There’s Nothing Like Fresh Salsa
Fresh salsa has a season; at least it does in the Midwest. It begins when that first July tomato ripens on the vine. In a good year, it might last into the middle of September.
In Defense Of Grocery Store Providers
It’s hard to beat the succulent taste of a fresh tomato, and it spoils it for the rest of the year when we have to rely on grocery stores to be our providers. Their tomatoes certainly don’t compare with our homegrown types, but it really isn’t fair to the out-of-state growers to make such comparisons.
First of all, a ripe tomato shipped in from another state probably wouldn’t stand the trip. To prevent them from breaking down in transit, the tomatoes are usually picked green and ripen en route. The growers also produce tomatoes that are firmer, and they try to do this without losing taste in the process.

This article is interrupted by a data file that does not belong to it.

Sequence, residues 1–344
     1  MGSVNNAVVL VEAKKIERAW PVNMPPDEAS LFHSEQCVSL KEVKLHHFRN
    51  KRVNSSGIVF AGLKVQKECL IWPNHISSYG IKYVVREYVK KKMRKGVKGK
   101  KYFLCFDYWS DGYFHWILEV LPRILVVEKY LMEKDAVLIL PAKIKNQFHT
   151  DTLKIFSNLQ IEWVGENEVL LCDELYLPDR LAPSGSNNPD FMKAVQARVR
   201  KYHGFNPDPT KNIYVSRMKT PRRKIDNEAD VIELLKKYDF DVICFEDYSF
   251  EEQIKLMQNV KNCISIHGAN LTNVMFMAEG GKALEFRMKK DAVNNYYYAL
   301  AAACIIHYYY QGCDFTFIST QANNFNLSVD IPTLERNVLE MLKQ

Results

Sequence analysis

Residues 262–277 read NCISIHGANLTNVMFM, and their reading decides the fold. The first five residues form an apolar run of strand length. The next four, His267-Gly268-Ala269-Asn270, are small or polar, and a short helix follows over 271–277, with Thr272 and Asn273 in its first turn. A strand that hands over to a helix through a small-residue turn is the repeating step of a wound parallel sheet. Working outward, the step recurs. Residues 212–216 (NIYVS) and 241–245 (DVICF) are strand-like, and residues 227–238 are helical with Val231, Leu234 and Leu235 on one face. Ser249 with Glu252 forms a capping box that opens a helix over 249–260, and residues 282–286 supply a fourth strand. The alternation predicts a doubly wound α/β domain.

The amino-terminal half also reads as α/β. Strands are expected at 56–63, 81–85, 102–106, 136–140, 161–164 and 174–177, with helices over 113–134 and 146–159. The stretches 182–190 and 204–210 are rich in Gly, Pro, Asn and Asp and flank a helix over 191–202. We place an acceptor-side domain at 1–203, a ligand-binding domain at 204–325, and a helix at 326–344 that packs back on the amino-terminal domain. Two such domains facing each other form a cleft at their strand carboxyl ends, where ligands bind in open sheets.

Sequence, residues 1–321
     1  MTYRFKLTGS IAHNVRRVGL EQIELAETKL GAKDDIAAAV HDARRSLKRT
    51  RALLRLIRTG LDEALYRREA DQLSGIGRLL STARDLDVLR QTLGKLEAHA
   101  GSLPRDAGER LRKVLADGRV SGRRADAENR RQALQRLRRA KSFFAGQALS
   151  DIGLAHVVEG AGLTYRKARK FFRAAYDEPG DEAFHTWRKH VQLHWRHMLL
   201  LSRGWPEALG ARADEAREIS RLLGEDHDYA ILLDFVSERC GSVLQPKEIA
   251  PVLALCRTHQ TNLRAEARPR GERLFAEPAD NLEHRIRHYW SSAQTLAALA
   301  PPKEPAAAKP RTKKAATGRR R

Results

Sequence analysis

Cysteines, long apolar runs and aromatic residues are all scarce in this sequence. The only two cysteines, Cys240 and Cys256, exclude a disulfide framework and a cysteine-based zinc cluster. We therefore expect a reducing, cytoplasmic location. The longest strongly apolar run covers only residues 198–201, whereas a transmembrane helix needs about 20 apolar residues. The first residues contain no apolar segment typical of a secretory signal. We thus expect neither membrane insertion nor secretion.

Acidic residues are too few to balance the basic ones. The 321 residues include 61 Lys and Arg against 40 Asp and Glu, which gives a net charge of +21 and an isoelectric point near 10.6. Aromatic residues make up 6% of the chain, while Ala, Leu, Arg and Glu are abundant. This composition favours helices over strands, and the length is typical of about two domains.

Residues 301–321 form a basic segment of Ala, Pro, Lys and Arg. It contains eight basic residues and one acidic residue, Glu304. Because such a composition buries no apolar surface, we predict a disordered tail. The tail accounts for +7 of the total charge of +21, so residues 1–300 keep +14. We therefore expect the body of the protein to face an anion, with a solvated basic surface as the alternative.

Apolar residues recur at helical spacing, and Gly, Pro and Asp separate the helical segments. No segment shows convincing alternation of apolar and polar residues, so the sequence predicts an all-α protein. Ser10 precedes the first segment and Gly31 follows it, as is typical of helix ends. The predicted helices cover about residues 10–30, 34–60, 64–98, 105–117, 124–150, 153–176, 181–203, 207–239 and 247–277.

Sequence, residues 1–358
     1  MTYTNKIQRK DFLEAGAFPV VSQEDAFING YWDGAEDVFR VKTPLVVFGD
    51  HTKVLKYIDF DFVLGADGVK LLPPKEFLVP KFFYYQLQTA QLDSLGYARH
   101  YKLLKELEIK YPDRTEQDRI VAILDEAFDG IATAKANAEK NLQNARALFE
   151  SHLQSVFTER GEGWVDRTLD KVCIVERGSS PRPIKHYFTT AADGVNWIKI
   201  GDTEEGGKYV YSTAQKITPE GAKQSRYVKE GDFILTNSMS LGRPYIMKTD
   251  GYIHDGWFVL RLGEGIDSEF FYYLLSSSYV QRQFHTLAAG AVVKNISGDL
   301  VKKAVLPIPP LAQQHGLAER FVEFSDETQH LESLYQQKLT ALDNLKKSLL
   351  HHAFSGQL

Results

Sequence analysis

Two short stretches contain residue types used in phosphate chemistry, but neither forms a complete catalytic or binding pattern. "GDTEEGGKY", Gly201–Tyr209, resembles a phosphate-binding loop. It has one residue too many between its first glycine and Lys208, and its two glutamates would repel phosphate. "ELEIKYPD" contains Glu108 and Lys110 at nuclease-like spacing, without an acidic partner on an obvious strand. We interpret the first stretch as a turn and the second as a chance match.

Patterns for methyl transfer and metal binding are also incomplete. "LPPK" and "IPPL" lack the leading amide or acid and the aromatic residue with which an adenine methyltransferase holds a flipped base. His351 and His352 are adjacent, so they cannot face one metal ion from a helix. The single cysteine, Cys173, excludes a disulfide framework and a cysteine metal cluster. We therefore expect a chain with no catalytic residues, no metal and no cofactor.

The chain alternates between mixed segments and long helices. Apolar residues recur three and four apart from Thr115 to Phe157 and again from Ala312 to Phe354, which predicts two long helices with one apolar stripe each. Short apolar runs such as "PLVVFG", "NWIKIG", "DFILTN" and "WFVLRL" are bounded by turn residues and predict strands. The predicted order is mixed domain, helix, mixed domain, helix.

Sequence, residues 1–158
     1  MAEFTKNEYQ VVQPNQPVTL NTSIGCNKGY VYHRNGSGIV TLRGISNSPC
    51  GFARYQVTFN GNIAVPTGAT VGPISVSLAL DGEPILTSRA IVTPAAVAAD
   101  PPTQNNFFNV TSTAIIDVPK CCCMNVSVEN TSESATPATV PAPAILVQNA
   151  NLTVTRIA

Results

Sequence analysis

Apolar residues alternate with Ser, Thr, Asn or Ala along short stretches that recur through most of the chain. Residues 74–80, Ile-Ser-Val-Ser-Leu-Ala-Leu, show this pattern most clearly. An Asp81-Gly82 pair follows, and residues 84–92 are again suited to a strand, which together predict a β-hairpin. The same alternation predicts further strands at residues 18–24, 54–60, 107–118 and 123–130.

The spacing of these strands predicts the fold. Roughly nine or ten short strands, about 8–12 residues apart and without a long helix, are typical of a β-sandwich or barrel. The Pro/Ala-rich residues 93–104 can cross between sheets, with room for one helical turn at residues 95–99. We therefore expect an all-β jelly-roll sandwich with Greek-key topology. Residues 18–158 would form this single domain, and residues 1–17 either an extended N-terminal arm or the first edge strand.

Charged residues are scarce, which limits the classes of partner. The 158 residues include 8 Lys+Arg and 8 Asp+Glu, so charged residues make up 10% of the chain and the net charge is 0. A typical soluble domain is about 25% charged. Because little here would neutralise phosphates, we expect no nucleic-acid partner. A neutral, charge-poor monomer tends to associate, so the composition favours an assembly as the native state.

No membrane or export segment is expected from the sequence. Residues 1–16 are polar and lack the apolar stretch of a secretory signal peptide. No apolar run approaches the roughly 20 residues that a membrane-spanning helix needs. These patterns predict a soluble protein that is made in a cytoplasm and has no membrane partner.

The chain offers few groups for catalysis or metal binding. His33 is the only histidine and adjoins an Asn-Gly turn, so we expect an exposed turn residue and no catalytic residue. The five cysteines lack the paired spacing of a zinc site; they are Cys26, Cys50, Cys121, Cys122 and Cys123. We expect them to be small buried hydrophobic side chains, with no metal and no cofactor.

Suggestions On How To Store A Tomato
There are a couple of things we can do so we’ll have a better tasting tomato, and these suggestions can actually help both the homegrown and the store-bought varieties:
Don’t store them in the refrigerator. Tomatoes shouldn’t be stored at temperatures less than 55 degrees, or they’ll develop a mealy taste and lose some of their firmness. Most refrigerators are set at the factory at 37 degrees, so a refrigerator is much too cold for tomatoes.
Store them on plates stem side down. This will prevent air from entering and moisture from exiting the tomato. If the tomato is still attached to the vine, they should be stored stem up. Some say both store-bought and homegrown tomatoes will benefit from sitting for three days on the counter away from sunlight.
A Go-to Summer Snack